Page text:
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October 25, 2014 | 1st Cheshvan 5775

Seven Species II

Galilee Diary #177
April 18, 2004

Marc Rosenstein

And from the day on which you bring the sheaf [omer] of elevation offering – the day after the holiday – you shall count off seven weeks. They must be complete: you must count until the day after the seventh week – fifty days; then you shall bring an offering of new grain to the Lord.

-Leviticus 23:15-16

Once the first sheaves of the barley harvest were brought to the priest as an offering on the second day of Pesach, seven weeks were counted off (what has become known as “the counting of the omer” – during which time, apparently, the barley harvest was completed as the wheat ripened. The fiftieth day was the festival of Shavuot, at which an offering of leavened bread was to be made, baked from the new grain. This was the beginning of the wheat harvest, and this bread represented an initial offering, “first fruits” of that harvest: “You shall observe the feast of Shavuot, of the first fruits of the wheat harvest…” [Exodus 34:22].

Wheat, it seems, represented prosperity and stability, and served as a symbol for abundance of food in biblical poetry [Deuteronomy 32:14; Psalm 81:17; Psalm 147:14]. In the Bible, “fine bread” and “fine flour” are always made from wheat.

In the Mishnah (Pesachim 2:5), five types of grain are specified as being suitable for making into matzah – and, it follows, susceptible to becoming chameitz (technically, the term chameitz refers only to foods made of these five grains; the Ashkenazic custom of avoiding legumes – and rice and corn – on Pesach is a somewhat mysterious custom of medieval origin, but is not based on a definition of rice, corn, and legumes as actual chameitz.) As is often the case, the exact botanical definitions of the five grains are open to some debate, but it seems that they are: barley, oats (which has never been a major crop here), and three different species of wheat. Similarly, only bread made from these five grains is covered by the blessing “hamotzi lechem min ha’aretz,” and requires the full Birkat HaMazon.

Aaron Aaronsohn, son of farmers from the First Aliyah in Zichron Ya’akov, studied agronomy in France and returned to engage in research on the genetics of the native varieties of wheat. In 1906 he discovered strains thought to be among the most primitive in the world, containing the basic gene pool from which later domesticated varieties developed. (Aaronsohn went on to found the Nili spy ring, which supplied strategic information on the Turks to the British during the First World War; his sister Sarah was captured and tortured by the Turks in 1917, and committed suicide in captivity.)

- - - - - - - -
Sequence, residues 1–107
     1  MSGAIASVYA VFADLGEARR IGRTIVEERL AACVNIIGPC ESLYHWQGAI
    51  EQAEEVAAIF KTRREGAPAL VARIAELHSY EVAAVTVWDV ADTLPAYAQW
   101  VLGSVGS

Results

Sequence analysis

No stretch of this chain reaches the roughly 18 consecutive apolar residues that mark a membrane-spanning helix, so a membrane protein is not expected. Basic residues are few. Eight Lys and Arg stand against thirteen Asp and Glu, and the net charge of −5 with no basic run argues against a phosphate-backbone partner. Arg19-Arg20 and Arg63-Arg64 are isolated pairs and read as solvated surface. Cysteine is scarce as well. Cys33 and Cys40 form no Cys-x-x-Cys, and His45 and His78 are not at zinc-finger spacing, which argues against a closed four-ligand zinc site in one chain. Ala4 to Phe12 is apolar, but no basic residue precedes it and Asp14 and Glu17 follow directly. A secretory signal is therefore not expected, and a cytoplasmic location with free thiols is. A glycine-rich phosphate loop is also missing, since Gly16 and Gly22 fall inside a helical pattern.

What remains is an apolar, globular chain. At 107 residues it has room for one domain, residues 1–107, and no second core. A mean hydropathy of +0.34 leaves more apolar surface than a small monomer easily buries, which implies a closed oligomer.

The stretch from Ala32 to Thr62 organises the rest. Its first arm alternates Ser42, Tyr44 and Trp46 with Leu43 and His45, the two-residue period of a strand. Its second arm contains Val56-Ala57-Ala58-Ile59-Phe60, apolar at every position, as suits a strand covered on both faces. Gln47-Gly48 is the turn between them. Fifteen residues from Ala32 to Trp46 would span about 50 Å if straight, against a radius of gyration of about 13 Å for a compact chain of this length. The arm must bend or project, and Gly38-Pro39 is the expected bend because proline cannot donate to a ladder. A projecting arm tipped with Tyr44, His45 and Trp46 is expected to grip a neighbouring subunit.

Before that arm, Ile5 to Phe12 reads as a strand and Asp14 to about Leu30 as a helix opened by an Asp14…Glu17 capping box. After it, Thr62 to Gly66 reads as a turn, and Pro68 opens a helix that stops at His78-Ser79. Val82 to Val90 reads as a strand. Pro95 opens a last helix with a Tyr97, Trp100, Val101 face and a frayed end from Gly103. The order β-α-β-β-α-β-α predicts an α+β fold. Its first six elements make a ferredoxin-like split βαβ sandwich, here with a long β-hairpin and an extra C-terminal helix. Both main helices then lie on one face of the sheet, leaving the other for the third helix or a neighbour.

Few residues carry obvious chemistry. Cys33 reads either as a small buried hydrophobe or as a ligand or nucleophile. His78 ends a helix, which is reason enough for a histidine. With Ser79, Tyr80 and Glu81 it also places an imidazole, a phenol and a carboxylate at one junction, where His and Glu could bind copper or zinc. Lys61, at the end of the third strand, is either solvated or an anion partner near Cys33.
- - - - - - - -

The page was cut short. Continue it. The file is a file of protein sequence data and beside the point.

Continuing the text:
Recently we joined our daughter on a field trip with her economic botany class at Ben Gurion University, and visited the wheat research center at Tel Aviv University, where we saw cold rooms holding thousands of samples of wheat seeds, some of them taken from local wild varieties that have already become extinct in nature. This genetic treasure has already been exploited to develop, through scientific cross breeding, varieties resistant to newly emerging viruses and other pests. Thus, while Israel must import a significant portion of its wheat, it exports wheat genes and expertise - even to Iowa.

[What was] the tree from which Adam ate? …Rabbi Judah says: it was wheat, for a baby isn’t able to say “Daddy” and “Mommy” until he is old enough to eat cereal…(i.e., wheat is the source of knowledge of right and wrong)

-Babylonian Talmud, Sanhedrin 70b

Perhaps, in view of the central nutritional and economic status of wheat, and its role as a symbol of stable, cultivated, abundance here in Eretz Yisrael, this midrash is not so far-fetched.

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